Sheth & Parvatiyar (1995) explain how services in these institutions are often produced and delivered by the same organisation. Examples of this can be seen in the professional and personal service sectors, such as consulting services, accounting services, legal services along with hairdressers and domestic services. The service producers, in these cases, are also the providers of the services. The role of the middleman is therefore completely eliminated as customers of these services are also directly involved in seeking out and using the services (Berry, 1983).
In addition, Crosby & Stephens, (1987) explain how the elimination of the middleman and the direct interaction between producer and customer allows the formation of an emotional bond between the two parties, resulting in a need for both sides to maintain and enhance the relationship formed. Crosby et al (1990) argue that the role of relationship marketing is vital for both academics and experts of the services marketing industry.
Furthermore, Ward & Dagger (2007) claim that companies focusing on building and maintaining strong customer relationships are more likely to score highly on customer satisfaction and be perceived as offering quality. In support of this, Payne (1991) argues that customer retention is becoming as important, if not more vital, than customer acquisition, as it is proving to be a securer way of yielding profits.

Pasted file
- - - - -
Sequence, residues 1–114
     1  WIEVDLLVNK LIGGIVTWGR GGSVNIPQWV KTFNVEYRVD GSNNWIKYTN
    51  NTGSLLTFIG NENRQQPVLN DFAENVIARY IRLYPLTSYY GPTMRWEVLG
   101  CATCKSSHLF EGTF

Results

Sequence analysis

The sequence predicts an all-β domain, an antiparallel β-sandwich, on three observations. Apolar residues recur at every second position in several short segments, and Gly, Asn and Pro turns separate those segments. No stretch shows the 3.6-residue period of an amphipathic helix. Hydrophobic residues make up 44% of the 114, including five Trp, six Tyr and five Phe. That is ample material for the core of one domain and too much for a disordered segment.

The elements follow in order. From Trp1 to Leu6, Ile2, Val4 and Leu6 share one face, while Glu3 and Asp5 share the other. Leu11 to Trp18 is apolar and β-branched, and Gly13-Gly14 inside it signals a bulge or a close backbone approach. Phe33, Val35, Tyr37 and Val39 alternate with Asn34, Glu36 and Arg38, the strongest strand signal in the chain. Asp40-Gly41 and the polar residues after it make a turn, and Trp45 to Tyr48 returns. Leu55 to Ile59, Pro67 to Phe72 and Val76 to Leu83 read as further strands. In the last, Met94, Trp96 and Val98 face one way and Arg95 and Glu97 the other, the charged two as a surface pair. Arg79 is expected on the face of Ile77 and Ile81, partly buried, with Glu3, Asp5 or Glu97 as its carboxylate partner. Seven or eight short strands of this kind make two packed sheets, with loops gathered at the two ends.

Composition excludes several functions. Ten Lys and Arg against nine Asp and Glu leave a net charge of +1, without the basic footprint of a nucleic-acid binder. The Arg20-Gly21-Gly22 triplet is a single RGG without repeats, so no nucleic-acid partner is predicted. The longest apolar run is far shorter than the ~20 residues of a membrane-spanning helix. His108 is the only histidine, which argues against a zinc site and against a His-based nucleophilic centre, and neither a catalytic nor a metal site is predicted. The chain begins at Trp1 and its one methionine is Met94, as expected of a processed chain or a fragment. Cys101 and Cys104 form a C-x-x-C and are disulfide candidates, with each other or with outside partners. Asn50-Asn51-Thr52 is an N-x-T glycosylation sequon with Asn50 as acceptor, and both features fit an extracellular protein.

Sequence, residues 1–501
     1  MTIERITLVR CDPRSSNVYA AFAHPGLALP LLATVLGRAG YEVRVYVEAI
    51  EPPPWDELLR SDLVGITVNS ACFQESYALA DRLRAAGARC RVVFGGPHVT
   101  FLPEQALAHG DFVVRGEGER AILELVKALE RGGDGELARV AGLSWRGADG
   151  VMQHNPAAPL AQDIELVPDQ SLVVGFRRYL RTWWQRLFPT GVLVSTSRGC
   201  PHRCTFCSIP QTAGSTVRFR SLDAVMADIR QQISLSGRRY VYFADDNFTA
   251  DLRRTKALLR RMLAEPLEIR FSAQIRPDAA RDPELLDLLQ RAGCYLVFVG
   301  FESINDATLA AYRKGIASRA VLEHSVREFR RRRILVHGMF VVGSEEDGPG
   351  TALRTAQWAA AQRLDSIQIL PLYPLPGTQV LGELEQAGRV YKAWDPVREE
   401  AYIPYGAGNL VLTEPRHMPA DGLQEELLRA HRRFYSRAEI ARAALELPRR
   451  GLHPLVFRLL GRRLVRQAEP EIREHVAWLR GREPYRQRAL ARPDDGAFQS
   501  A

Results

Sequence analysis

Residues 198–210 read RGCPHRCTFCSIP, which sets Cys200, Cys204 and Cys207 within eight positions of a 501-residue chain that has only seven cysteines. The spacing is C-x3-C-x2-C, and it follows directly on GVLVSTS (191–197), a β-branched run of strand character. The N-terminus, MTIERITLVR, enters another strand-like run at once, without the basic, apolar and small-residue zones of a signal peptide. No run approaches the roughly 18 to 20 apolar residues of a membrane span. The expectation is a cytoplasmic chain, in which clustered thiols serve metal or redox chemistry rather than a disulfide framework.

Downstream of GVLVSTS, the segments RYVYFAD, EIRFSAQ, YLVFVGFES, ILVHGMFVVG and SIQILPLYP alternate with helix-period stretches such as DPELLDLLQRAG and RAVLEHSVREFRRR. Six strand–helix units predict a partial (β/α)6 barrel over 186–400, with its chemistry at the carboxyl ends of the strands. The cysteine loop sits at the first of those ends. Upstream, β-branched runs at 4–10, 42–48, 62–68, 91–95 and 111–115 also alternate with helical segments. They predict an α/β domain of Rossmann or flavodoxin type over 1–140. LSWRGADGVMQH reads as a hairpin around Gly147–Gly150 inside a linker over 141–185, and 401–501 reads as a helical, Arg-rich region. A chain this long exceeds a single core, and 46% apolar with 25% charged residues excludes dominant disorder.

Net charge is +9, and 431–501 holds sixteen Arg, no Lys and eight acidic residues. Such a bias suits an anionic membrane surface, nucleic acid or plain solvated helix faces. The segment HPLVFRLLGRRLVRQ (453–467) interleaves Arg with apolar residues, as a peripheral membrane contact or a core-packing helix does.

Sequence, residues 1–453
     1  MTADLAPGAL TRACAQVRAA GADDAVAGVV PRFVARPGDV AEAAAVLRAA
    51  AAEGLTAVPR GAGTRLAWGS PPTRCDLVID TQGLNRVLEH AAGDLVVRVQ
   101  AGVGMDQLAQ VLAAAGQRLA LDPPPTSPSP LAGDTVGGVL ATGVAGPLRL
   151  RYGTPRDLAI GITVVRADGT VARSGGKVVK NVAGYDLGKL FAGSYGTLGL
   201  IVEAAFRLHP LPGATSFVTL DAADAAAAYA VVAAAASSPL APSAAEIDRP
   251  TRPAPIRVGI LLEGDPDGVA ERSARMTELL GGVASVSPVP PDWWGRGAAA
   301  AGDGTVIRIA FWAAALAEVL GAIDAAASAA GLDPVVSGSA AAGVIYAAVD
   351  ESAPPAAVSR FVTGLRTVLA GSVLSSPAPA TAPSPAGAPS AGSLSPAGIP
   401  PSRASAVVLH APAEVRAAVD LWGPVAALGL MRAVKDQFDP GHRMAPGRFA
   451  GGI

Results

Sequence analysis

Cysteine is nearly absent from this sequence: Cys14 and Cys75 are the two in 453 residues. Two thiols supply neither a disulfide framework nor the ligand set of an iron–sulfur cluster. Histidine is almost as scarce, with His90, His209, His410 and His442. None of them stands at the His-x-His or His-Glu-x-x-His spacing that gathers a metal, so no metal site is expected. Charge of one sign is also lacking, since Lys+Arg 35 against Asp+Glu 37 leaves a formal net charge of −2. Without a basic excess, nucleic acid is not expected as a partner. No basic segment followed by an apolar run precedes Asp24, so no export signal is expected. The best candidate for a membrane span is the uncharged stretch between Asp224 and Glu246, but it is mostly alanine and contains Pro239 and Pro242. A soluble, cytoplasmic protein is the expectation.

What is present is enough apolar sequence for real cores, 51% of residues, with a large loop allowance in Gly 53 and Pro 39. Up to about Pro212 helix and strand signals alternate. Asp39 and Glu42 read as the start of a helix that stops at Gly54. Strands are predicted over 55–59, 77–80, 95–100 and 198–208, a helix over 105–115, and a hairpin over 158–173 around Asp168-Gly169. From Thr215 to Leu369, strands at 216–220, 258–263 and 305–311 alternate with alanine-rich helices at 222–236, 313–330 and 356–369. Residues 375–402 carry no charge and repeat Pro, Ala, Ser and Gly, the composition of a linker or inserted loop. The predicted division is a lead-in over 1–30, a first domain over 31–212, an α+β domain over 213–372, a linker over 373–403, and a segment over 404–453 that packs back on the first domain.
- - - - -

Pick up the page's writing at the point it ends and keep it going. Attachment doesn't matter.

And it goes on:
In order to maintain strong relationships with customers, Rashid (2003) argues that trust, communication, customer experience/satisfaction, commitment and promise fulfilment are key factors to achieving and maintaining healthy customer relationships.
Due to the nature of the thesis and its primary focus on customer relationship marketing strategies implemented in restaurants, the importance of customer experience and customer satisfaction will be discussed and further examined.
2.2 CUSTOMER EXPERIENCE
Customer experience is defined as the occurrence of a customer achieving some type of sensation or knowledge through interaction with aspects of any given context created by service providers (Gupta & Vajic, 2000).
Meyer & Schwager (2007) however regard ‘customer experience’ as encompassing “every aspect of a company’s offering—the quality of customer care, of course, but also advertising, packaging, product and service features, ease of use, and reliability.” In addition, Rashid (2003) points out that a successful customer relationship is a by-product of a good customer experience. In support of this, Meyer & Schwager (2007) describe this phenomenon as a customer’s personal response to an organisation which they have come into direct or indirect contact with.